Kei Nishikori was one of the in form players through the clay court season but he comes to Wimbledon short of match practice on the grass

Nishikori wary of big-serving Groth



Originally published on 27/06/16 00:00

Nishikori is seeded No.5 at Wimbledon, in part due to an impressive run of form through the clay court season. In six tournaments from Indian Wells through to the fourth round at Roland Garros the only players to beat him were Rafael Nadal and Novak Djokovic. In Rome he played three sets against the world No.1 Djokovic and took the first set.

"From the beginning, he was showing that he knew what his game plan is and he came out on the court with intent, hitting the ball along lines, cross-courts, both sides, being aggressive on the return. It was a flawless first set," said Djokovic.

On the grass, aside from an exhibition match at Hurlingham where he played Richard Gasquet, the 26-year-old has not played any tournaments, citing an injury to his oblique muscles, which forced him to withdraw from Halle. On the eve of the Championships Nishikori admitted he is still not back to full fitness.

“I am feeling good," said Nishikori, who missed last year's Championships with a calf injury. "I had almost one week after I got injured, so I should be fine. I mean, not 100% yet."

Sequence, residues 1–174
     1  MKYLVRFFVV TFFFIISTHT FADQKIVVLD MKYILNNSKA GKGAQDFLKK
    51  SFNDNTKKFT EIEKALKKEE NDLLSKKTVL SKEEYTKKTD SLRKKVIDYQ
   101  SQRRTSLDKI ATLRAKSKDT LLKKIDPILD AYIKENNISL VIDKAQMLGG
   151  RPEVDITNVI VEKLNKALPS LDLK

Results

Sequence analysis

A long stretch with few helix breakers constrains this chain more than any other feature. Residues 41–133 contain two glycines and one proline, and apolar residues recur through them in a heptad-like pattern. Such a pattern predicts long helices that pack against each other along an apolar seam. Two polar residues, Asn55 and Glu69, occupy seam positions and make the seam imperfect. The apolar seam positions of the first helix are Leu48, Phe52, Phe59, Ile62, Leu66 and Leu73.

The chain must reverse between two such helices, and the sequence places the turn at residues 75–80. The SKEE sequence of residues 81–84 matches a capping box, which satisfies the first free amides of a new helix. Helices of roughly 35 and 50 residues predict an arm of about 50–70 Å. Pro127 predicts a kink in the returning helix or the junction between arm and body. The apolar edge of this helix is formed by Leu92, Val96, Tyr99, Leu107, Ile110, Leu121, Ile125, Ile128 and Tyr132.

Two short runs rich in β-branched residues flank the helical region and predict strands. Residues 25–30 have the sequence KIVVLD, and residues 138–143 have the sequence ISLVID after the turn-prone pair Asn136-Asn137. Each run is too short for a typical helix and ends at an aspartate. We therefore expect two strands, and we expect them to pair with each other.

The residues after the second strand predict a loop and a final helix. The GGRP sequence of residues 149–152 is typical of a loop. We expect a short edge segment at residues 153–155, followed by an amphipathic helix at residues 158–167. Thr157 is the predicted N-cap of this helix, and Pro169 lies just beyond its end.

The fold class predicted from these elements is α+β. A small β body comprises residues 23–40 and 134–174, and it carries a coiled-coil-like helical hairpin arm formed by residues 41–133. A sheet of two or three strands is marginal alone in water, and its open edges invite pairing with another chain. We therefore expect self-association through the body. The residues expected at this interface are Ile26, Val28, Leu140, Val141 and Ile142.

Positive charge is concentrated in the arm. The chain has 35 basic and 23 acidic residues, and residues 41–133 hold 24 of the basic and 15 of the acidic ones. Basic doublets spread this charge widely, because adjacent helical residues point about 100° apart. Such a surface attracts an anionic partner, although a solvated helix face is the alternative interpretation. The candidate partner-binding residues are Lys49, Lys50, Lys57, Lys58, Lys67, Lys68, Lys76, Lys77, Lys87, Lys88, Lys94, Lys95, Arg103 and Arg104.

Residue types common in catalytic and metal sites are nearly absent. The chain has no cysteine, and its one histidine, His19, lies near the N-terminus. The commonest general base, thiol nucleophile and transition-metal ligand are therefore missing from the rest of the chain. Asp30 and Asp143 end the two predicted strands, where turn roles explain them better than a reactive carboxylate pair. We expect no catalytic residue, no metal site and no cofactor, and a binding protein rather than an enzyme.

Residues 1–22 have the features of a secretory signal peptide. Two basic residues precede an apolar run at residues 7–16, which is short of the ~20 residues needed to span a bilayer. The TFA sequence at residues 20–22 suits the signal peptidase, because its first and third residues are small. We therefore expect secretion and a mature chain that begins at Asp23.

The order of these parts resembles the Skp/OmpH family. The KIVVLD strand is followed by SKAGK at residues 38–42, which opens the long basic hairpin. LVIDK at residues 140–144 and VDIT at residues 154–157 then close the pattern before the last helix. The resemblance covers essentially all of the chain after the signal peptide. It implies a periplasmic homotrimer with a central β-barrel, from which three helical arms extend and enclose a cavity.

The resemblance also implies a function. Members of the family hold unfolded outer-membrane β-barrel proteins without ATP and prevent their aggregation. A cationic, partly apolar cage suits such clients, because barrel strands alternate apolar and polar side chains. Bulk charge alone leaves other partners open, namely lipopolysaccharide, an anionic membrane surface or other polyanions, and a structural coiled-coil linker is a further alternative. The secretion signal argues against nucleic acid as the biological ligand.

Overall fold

Wimbledon is the only Slam where the world No. 6 has never reached the last eight. “It's always my goal to get to quarter-finals, semis here,” said Nishikori, “because I haven't done really well in the grass court season.

“But if I can win a couple of matches with good tennis, I think I will get more confidence on grass, and I will get good rhythm on a grass court."

Whether he is able to get into that rhythm depends very much on his big hitting first opponent, Sam Groth. The Australian was ranked as high as No.24 last February but Groth has not been without his injuries either, and has slipped to No.123 in the world rankings.

Nishikori won their only previous encounter in straight sets on the hard courts in Washington last summer, but Groth's game is well suited to the grass.

“If I was ever gonna cause an upset at a Slam I feel like this is the one,” Groth told Linda Pearce, writer of the Age in Melbourne. “It's probably the surface that suits my game better than any other, and I probably wish I was playing 20 years ago when every tournament was on this surface.”

For Nishikori, he believes his love of Wimbledon will continue to grow with more success on the grass.

“Wimbledon has a lot of history,” he said. “I think the first Slam I knew was Wimbledon. When I come here, I feel something special. The only thing is I haven't done really well here yet. If I can win more matches here, I think I will love it more.

“I like grass,” he added, “but I need more confidence to win a couple more matches. I have tough first round, especially on grass. 


This story is brought to you by Wilson, the global leader in performance tennis


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